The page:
incidental to its business. If these are the principal objectives, the business is that of insurance. But if they are merely incidental and
service is the principal purpose, then the business is not insurance.

Applying the principal object and purpose test, [22] there is significant American case law supporting the argument that a corporation
(such as an HMO, whether or not organized for profit), whose main object is to provide the members of a group with health services,
is not engaged in the insurance business.
The rule was enunciated in Jordan v. Group Health Association[23] wherein the Court of Appeals of the District of Columbia Circuit
held that Group Health Association should not be considered as engaged in insurance activities since it was created primarily for the
distribution of health care services rather than the assumption of insurance risk.
xxx Although Group Healths activities may be considered in one aspect as creating security against loss from illness or
accident more truly they constitute the quantity purchase of well-rounded, continuous medical service by its members.
xxx The functions of such an organization are not identical with those of insurance or indemnity companies. The latter are
concerned primarily, if not exclusively, with risk and the consequences of its descent, not with service, or its extension in
kind, quantity or distribution; with the unusual occurrence, not the daily routine of living. Hazard is predominant. On the
other hand, the cooperative is concerned principally with getting service rendered to its members and doing so at lower
prices made possible by quantity purchasing and economies in operation. Its primary purpose is to reduce the cost rather
than the risk of medical care; to broaden the service to the individual in kind and quantity; to enlarge the number
receiving it; to regularize it as an everyday incident of living, like purchasing food and clothing or oil and gas, rather than
merely protecting against the financial loss caused by extraordinary and unusual occurrences, such as death, disaster at
sea, fire and tornado. It is, in this instance, to take care of colds, ordinary aches and pains, minor ills and all the temporary
bodily discomforts as well as the more serious and unusual illness. To summarize, the distinctive features of the
cooperative are the rendering of service, its extension, the bringing of physician and patient together, the preventive
features, the regularization of service as well as payment, the substantial reduction in cost by quantity purchasing in
short, getting the medical job done and paid for; not, except incidentally to these features, the indemnification for cost
after the services is rendered. Except the last, these are not distinctive or generally characteristic of the insurance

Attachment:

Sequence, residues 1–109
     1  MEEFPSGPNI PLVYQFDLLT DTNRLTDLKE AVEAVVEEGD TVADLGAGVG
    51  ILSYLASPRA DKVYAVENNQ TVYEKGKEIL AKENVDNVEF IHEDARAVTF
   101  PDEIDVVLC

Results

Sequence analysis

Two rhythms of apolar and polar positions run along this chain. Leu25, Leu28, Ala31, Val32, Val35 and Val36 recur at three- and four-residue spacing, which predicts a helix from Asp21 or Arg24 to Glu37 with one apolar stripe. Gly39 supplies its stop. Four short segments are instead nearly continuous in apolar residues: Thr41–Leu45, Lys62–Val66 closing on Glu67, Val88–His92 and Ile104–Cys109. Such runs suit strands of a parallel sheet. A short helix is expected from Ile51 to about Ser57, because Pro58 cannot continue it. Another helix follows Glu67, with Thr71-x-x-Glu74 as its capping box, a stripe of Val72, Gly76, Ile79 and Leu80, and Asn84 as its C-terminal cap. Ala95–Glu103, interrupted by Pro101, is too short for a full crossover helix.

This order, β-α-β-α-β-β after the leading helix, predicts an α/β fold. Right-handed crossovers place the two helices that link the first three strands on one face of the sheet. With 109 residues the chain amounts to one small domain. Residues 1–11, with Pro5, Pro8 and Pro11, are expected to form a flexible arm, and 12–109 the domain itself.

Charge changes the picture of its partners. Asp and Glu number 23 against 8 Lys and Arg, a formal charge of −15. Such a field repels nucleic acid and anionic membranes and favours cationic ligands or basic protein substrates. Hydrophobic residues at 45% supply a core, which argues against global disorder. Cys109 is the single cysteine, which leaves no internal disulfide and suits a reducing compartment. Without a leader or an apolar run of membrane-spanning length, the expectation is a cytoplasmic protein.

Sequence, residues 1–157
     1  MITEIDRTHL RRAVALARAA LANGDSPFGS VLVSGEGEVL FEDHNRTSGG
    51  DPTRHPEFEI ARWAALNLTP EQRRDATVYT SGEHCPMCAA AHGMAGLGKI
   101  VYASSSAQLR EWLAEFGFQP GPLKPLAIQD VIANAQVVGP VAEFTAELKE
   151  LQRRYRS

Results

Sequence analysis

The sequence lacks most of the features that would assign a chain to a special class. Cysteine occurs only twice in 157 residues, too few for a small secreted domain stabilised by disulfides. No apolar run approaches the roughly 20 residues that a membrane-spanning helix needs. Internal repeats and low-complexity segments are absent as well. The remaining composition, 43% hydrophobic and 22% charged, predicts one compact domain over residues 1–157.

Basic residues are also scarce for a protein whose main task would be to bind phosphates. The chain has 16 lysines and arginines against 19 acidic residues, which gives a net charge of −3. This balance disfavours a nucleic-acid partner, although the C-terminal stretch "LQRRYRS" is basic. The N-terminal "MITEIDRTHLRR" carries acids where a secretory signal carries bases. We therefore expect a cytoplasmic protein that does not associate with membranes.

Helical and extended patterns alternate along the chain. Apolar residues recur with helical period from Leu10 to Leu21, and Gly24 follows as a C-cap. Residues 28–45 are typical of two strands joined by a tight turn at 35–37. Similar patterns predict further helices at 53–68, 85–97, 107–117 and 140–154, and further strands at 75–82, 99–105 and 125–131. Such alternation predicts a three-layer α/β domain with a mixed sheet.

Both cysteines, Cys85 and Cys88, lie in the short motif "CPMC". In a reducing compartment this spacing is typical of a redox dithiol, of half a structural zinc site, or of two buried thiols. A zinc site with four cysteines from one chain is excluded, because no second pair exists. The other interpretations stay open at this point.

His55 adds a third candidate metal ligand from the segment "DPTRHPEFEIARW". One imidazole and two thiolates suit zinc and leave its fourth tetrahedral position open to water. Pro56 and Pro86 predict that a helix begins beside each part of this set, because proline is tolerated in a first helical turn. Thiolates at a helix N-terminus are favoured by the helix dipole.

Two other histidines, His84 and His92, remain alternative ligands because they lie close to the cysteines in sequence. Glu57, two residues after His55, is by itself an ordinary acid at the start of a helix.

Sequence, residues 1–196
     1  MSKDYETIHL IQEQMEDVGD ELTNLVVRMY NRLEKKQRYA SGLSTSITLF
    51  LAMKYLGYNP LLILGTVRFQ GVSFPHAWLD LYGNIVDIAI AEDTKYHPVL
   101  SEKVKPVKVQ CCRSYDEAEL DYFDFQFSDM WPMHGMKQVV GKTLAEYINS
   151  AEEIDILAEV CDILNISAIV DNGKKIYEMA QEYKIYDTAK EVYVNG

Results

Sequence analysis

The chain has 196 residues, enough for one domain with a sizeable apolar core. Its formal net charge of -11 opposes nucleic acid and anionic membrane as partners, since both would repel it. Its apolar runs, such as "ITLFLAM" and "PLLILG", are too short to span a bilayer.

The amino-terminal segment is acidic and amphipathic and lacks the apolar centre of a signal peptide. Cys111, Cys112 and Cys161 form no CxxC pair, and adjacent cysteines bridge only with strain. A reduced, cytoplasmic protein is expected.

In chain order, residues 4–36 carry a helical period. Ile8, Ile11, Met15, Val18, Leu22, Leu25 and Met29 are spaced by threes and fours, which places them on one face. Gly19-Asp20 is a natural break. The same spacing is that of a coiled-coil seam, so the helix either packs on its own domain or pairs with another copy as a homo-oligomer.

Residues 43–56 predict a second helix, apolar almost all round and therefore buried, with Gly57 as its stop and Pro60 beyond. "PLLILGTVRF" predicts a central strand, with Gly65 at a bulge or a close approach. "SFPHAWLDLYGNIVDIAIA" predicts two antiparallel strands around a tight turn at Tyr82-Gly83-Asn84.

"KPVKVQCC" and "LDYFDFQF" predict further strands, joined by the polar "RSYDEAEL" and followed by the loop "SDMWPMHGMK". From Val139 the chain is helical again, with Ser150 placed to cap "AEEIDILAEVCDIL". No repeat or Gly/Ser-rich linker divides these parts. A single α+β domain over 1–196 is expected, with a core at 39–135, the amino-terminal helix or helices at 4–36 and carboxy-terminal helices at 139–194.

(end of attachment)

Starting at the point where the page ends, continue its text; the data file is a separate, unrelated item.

arrangement. There is, therefore, a substantial difference between contracting in this way for the rendering of service,
even on the contingency that it be needed, and contracting merely to stand its cost when or after it is rendered.

That an incidental element of risk distribution or assumption may be present should not outweigh all other factors. If
attention is focused only on that feature, the line between insurance or indemnity and other types of legal arrangement
and economic function becomes faint, if not extinct. This is especially true when the contract is for the sale of goods or
services on contingency. But obviously it was not the purpose of the insurance statutes to regulate all arrangements for
assumption or distribution of risk. That view would cause them to engulf practically all contracts, particularly conditional
sales and contingent service agreements. The fallacy is in looking only at the risk element, to the exclusion of all others
present or their subordination to it. The question turns, not on whether risk is involved or assumed, but on whether that
or something else to which it is related in the particular plan is its principal object purpose. [24] (Emphasis supplied)

In California Physicians Service v. Garrison,[25] the California court felt that, after scrutinizing the plan of operation as a whole of the
corporation, it was service rather than indemnity which stood as its principal purpose.

There is another and more compelling reason for holding that the service is not engaged in the insurance business. Absence
or presence of assumption of risk or peril is not the sole test to be applied in determining its status. The question, more
broadly, is whether, looking at the plan of operation as a whole, service rather than indemnity is its principal object and